Eiichiro Komatsu
Principal investigator (from 2017/04/01 )
Scientific Associate (from 2010/06/01 to 2010/07/01)
Scientific Associate (from 2011/06/02 to 2011/07/31)
Scientific Associate (from 2012/06/02 to 2012/07/31)
Visiting Senior Scientist (from 2010/09/01 to 2017/03/31)
Visiting Scientist  (from 2008/02/01 to 2010/08/31)
Other Affiliations
Max Planck Institute for Astrophysics
Department of Astronomy, The University of Texas at Austin

Research Field
Theoretical Physics (Cosmology)
<komatsu _at_> 

Last Update 2017/06/13 11:03:00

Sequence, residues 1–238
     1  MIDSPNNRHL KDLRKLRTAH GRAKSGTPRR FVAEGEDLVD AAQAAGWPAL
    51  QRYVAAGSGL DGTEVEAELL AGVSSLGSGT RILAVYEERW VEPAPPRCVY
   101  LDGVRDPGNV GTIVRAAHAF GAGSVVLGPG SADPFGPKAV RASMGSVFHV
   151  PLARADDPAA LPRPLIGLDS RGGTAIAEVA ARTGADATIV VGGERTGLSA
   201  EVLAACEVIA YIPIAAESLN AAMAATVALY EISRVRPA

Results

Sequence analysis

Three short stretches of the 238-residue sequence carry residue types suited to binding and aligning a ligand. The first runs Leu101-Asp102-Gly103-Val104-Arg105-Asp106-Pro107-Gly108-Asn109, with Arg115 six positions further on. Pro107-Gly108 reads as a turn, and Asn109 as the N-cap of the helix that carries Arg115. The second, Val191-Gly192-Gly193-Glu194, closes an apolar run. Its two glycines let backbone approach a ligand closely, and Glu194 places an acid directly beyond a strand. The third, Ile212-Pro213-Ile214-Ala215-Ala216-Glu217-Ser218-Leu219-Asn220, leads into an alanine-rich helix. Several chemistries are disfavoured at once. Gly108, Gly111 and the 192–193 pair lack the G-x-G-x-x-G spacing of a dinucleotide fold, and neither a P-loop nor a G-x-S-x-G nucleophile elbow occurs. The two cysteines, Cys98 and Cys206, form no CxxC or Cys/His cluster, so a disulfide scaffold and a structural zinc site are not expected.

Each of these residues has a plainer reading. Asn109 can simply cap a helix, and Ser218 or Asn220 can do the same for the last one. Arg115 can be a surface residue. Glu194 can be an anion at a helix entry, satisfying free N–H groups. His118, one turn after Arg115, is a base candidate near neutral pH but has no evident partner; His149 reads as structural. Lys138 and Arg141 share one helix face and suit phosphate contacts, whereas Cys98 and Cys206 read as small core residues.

I study the beginning and an end (if any) of the Universe using the laws of physics and state-of-the-art measurements. I spend 2/3 of my time on theoretical research, and remaining 1/3 on providing theoretical underpinnings to experiments, and analysis and interpretation of the new data. My main weapons are the cosmic microwave background (CMB) and the large-scale structure of the Universe. I was a member of the Wilkinson Microwave Anisotropy Probe (WMAP), with which we determined the age and composition of the Universe. We also found strong evidence for cosmic inflation by discovering adiabatic and Gaussian super-horizon fluctuations that are nearly, but not exactly, scale invariant. Over the next decade I would like to find definitive evidence for inflation by measuring B-mode polarisation of the CMB, rule out the standard cosmological model (ΛCDM) by mapping cosmic structures up to a redshift of z=3.5, and determine the mass of neutrinos. To this end I am co-leading two galaxy surveys with the Prime Focus Spectrograph (PFS) on the Subaru telescope led by the Kavli IPMU, and with the Hobby-Eberly Telescope in the McDonald Observatory. For CMB, I am a member of the LiteBIRD team, and I am leading a team investigating impacts of the Galactic foreground emission on B-mode polarisation. I also enjoy thinking about what new physics we can learn about inflation in case of the discovery of primordial gravitational waves.

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